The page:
Witchcraft in Italy during the Renaissance
The prominence of humanism and the influences of classical rather than medieval society during the Renaissance were contributing factors to the lack of violent action against witchcraft in Italy. A social, political, cultural, philosophical, and geographic survey of Renaissance Italy will justify the claim that it was a time and place of a rational, tolerant, skeptical, and even a sometimes supportive response to witchcraft.
There were many casualties in parts of Western Europe as a result of the execution of alleged witches throughout the history of witch hunting. However, it is important to note a decline in such casualties as geographical perspective moves south from Germany and Poland, where the most deaths associated with witch persecution occurred, to “Italy and Spain [where] there were numerous investigations but few executions.” It is apparent from this lack of execution that there was a particularly thorough legal process in Italy during the Renaissance, very much speaking for its rational response to witchcraft. The emphasis on legal procedure in the Italian courts comes through very much in the conduct of the Spanish inquisitors’ investigation of witches in Italy “and the careful supervision of their work by central authorities.”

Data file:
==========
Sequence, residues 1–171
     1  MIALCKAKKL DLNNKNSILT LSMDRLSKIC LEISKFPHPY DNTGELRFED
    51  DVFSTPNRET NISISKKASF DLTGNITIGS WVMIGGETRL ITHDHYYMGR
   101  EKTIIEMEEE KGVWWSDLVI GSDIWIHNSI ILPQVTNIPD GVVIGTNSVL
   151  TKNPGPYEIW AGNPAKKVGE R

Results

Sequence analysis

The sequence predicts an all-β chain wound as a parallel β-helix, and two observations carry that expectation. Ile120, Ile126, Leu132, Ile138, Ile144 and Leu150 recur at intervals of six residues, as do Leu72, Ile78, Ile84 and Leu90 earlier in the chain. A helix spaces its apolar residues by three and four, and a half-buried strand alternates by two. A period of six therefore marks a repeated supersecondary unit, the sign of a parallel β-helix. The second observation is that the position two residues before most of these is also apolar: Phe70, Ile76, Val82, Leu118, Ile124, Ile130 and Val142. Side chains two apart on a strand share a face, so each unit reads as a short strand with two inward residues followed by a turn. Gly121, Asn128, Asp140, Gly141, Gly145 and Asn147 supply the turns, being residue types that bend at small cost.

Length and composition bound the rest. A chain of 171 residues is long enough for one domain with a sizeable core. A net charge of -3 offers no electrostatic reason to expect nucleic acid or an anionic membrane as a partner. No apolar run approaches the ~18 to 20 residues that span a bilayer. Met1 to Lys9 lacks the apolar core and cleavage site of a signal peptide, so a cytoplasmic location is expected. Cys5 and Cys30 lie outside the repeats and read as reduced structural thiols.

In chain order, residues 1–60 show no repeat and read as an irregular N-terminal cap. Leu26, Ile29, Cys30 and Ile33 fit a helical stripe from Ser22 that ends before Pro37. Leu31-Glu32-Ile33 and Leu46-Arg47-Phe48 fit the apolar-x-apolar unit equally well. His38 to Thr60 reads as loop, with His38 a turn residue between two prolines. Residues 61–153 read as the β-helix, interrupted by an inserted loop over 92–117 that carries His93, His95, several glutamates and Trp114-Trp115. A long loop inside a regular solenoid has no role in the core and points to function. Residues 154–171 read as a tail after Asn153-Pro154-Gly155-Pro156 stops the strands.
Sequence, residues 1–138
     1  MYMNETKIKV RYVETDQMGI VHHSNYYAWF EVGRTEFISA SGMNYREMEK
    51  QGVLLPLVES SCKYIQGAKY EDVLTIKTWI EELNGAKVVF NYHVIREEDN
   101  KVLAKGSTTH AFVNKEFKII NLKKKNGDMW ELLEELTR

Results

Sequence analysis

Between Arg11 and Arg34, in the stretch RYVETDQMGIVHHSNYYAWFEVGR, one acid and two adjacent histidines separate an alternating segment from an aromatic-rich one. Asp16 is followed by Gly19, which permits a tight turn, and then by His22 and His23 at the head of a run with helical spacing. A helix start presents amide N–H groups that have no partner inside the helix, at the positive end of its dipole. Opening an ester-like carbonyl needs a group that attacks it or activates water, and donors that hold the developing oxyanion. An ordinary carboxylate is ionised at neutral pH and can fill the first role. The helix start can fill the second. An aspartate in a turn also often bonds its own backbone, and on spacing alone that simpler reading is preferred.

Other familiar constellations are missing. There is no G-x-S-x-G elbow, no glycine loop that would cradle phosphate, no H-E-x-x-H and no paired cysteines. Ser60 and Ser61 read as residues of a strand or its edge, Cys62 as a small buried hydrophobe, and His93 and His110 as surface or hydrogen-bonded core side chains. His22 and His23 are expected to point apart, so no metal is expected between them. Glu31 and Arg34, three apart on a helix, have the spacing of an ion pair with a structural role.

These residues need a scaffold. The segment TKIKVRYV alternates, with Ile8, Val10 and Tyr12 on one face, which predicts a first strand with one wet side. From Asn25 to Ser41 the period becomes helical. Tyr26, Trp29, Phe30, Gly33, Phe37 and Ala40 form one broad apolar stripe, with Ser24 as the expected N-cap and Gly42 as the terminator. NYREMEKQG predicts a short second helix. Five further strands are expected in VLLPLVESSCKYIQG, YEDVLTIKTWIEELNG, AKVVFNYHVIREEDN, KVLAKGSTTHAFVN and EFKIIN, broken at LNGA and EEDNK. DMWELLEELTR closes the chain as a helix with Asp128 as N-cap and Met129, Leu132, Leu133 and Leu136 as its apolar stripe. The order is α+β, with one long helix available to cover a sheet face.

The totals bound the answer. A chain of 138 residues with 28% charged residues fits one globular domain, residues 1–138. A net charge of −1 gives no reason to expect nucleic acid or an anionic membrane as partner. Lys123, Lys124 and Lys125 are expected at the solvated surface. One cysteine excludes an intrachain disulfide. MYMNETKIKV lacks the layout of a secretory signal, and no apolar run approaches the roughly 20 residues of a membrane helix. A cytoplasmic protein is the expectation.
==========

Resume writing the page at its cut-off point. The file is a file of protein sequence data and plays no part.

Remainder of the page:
An example of restraint and fair legal procedure in the Italian investigation of witchcraft is apparent in the case of Chiara Signorini towards the end of the Renaissance. Chiara was arrested in 1519 when her practice of magical arts had become general knowledge. There was a long inquisitorial process on her behalf and it was not until it became very obvious that her only spiritual knowledge was of witch culture that she was eventually prosecuted. After confirming this through torture, which was used as an absolute last result, Chiara was convicted of witchcraft. Rather than being executed, she was sentenced to life commitment to the Modena hospital for the poor. In contrast to the Italian legal system she was tried by, “had Chiara been in a German court she would surely have been sentenced to death.”